particles is emulated by a dedicated simulation  based either fully on G eant  or on a faster para- meterisation  for the calorimeter response and G eant for other detector systems. To account for additional pp interactions from the same and close-by bunch crossings, a set of minimum-bias interac- tions generated using P ythia v8.210 , referred to as P ythia 8 in the following, with the A2  set of tuned MC parameters (A2 tune) is superimposed on the hard-scattering events. In order to reproduce the same pile-up levels present in the data, the distribution of the number of additional pp interactions in the MC samples is reweighted to match the one in the data. All samples are processed through the same reconstruction software as the data. Simulated events are corrected so that the object identification, reconstruction and trigger efficiencies, energy scales and energy resolutions match those determined from data control samples.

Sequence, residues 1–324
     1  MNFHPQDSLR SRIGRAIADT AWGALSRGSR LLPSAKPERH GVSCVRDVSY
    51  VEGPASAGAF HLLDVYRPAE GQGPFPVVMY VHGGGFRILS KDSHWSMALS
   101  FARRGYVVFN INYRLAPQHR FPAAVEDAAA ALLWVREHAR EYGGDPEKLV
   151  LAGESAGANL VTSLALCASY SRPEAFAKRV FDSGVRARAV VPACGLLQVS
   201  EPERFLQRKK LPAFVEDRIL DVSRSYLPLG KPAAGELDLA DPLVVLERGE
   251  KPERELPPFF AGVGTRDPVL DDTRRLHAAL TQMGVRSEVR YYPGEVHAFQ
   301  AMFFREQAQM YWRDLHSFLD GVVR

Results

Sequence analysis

The ID consists of a silicon pixel detector, a silicon microstrip detector (SCT), providing tracking information within pseudorapidity | η | < 2.5, and a straw-tube transition radiation tracker (TRT) that covers | η | < 2.0. The central electromagnetic calorimeter is a lead and liquid-argon (LAr) sampling calorimeter with high granularity, and is divided into a barrel region that covers | η | < 1.475 and end-cap regions that cover 1.375 < | η | < 3.2. An iron/scintillator tile calorimeter provides hadronic energy measurements in the central pseudorapidity range. The forward regions are instrumented with LAr calorimeters covering 3.1 < | η | < 4.9 for both the electromagnetic and hadronic energy measurements. The MS covers | η | < 2.7 and consists of three large superconducting toroid magnets with eight coils each, a system of trigger chambers, and precision tracking chambers. The ATLAS detector has a three-level trigger system , used to select events to be recorded for offline analysis. The first-level trigger is hardware-based and uses a subset of the detector information to reduce the physical event rate from 40 MHz to at most 75 kHz. The second and third levels are software-based and together reduce the event rate to about 300 Hz.